Pac-12 Conference to move game to Las Vegas stadium


Las Vegas Stadium & PAC-12 Image: Oakland Raiders

The collegiate athletic conference – Pac-12 Conference – will be moving its football championship game to Las Vegas when the Oakland Raiders’ new stadium opens in 2020 in the entertainment capital of the world. The Conference has confirmed that it will play its 2020 and 2021 championship football games at the new Las Vegas facility. The decision has not got down well with critics who say the Conference is known for “poor crowd turnout”.
The San Francisco headquartered Pac-12 Conference already takes part in Las Vegas Bowl and plays its men and women’s basketball tournament in the ‘Casino City’. The Pac-12 has twelve full member institutions. Football is the only sport where the conference is split into two divisions, the North Division and the South Division. The Conference’s 12 members are located in the states of Arizona, California, Colorado, Oregon, Utah, and Washington. They include each State’s flagship public university, four additional public universities, and two private research universities. The Pac-12’s members are spread evenly between 3 regions, with 4 schools each in California, the Pacific Northwest, and the Four Corners region.

Heather Vaughan, Vice-President (Marketing), Pac-12 Conference, is one of the speakers at the Coliseum Summit US to be held at Downtown Grand, Las Vegas, Nevada, on August 28 and 29, 2019. She leads campaign strategies for all Pac-12 initiatives and is at the helm of the overall look and feel of the Pac-12 brand. She also oversees marketing, production and entertainment for all of the Pac-12 Championship events including the Football Championship Game at Levi’s Stadium and Men’s & Women’s Basketball Tournaments in Las Vegas.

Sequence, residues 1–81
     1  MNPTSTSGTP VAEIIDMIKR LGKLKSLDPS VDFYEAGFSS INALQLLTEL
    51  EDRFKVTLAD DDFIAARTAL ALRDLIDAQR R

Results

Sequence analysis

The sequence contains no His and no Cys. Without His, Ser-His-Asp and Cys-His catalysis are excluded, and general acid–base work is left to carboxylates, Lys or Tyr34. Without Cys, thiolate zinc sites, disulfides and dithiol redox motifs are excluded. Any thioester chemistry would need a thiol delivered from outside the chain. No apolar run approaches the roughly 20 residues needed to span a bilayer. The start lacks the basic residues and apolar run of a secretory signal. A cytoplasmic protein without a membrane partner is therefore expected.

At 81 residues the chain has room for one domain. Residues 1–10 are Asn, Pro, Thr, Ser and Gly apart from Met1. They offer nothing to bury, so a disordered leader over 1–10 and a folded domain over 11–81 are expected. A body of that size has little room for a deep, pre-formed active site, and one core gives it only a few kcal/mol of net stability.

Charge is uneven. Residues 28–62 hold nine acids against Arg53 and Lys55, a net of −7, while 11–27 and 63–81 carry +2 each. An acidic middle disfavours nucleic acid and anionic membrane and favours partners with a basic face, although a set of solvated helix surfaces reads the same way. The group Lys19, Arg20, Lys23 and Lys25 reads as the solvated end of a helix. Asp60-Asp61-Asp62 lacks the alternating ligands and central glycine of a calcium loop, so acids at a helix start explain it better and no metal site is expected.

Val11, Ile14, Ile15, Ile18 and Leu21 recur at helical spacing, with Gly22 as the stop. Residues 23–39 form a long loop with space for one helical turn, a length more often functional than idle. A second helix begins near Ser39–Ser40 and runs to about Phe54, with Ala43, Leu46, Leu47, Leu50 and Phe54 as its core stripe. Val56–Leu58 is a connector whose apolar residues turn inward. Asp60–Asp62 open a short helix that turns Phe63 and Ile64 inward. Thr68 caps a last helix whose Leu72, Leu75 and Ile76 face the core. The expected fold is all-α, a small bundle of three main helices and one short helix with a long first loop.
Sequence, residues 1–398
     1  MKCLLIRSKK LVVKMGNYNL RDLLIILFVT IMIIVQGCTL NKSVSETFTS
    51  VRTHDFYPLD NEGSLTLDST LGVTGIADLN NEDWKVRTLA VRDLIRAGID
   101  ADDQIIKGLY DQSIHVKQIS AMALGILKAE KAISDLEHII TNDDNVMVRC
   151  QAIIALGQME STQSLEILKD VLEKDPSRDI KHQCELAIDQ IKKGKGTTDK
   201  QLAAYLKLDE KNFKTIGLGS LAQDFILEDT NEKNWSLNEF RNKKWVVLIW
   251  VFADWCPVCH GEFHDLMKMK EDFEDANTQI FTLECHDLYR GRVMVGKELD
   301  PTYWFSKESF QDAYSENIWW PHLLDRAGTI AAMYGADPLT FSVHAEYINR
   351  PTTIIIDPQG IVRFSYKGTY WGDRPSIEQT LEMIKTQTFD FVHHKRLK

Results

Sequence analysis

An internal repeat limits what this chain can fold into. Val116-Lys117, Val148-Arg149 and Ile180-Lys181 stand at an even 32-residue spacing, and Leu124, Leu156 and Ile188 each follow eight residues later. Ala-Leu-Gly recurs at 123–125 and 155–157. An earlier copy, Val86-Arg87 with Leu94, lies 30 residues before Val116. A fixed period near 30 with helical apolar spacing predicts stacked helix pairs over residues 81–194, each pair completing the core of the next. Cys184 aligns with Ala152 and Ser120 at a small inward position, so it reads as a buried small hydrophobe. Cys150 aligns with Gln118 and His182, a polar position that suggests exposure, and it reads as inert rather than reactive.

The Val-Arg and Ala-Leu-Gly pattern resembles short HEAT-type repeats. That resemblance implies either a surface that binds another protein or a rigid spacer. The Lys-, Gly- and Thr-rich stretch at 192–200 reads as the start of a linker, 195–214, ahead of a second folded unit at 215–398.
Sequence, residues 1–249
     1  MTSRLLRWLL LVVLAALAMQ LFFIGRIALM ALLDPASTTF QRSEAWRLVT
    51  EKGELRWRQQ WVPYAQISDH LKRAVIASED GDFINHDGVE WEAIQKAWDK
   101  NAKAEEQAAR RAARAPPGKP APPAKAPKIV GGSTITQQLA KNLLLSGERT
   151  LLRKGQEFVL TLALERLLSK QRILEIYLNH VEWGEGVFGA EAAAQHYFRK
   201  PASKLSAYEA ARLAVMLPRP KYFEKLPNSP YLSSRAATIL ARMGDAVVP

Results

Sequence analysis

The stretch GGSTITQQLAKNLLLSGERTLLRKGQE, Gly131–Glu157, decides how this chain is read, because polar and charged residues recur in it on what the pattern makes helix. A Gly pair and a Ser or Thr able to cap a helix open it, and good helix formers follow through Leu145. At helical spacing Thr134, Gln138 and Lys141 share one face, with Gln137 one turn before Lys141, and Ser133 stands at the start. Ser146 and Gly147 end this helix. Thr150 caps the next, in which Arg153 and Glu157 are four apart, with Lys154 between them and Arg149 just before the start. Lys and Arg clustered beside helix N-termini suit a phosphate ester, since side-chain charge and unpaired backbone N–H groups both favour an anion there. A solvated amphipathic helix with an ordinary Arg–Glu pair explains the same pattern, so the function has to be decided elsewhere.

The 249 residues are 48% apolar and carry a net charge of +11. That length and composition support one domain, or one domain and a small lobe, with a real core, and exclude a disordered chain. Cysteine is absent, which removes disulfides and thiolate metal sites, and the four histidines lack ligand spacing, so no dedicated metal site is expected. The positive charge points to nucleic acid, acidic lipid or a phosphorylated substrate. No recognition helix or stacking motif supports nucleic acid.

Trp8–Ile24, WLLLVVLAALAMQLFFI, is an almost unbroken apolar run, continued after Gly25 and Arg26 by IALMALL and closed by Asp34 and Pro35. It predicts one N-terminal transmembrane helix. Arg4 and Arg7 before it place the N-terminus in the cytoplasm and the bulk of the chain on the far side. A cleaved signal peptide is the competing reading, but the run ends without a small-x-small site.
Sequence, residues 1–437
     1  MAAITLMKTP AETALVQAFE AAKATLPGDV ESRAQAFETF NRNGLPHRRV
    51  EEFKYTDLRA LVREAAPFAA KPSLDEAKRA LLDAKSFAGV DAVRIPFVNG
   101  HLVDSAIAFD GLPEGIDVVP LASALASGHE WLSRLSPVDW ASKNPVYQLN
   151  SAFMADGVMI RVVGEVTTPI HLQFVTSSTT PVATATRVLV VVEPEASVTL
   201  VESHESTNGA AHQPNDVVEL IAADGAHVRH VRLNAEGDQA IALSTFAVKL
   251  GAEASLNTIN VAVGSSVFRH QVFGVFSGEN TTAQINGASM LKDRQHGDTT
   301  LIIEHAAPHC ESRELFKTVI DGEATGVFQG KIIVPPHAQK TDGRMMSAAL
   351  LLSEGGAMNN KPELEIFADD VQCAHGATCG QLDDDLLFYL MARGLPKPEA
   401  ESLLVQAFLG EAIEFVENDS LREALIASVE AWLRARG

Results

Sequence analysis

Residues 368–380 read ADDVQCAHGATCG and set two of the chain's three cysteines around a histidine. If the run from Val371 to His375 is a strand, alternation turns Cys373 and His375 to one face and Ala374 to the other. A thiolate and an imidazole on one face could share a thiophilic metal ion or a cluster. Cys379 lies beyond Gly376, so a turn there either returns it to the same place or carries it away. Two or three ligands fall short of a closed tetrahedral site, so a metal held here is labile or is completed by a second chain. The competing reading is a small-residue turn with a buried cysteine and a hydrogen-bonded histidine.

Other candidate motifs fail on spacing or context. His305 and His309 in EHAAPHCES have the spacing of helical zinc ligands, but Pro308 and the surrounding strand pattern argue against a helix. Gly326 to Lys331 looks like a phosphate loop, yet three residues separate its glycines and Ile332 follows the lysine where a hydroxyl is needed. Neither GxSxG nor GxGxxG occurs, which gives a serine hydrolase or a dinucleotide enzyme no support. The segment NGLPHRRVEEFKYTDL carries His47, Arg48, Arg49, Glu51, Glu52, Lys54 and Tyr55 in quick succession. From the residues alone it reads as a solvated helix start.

The million-dollar question is whether Pac-12 Conference – which has “attendance issues” – will be able to draw filled-to-capacity spectators. However, Pac-12 Commissioner Larry Scott begs to differ, “I had a chance to visit the state-of-the-art stadium in Vegas. It is very close to the airport and it’s going to be a fantastic destination for football fans to enjoy the best of Pac-12 football in our championship game.”

Terming the upcoming Las Vegas stadium as “one of the most anticipated new venues in sports”, Scott further says that it would open up a geyser of opportunities for student-athletes, universities and fans and it would also serve their objective to create the best possible experiences for student-athletes. Lori Nelson-Kraft of the Las Vegas Convention and Visitors Authority argues that since the Sin City offers the best to its visitors and “no one can throw a party like Les Vegas”, the Pac-12 Conference will be able to draw crowd by the horde.

Skeptics paint a different picture. They say that Pac-12 Conference’s crowd turnout has always been “paltry”, and they have always had the “longest championship drought”. There is hardly anything which Pac-12 fans can say in the Conference’s defense as it seems to have abdicated its status as a power conference in football and men’s basketball, the two most prominent collegiate sports. Critics also say that the Conference’s football scene is anything but rosier and they haven’t produced a football national champion since 2004.

Pac-12 Conference might not be a cash cow and they have had trouble attendance issue at Levi’s Stadium in Santa Clara, California, with last year’s event drawing an announced crowd of 35,134, yet the mood is very “positive”. Las Vegas Bowl executive director John Saccenti defending Pac-12’s decision to move to Las Vegas sums up by saying that since it is a “brand new stadium that is reason enough for fans to get attracted”.

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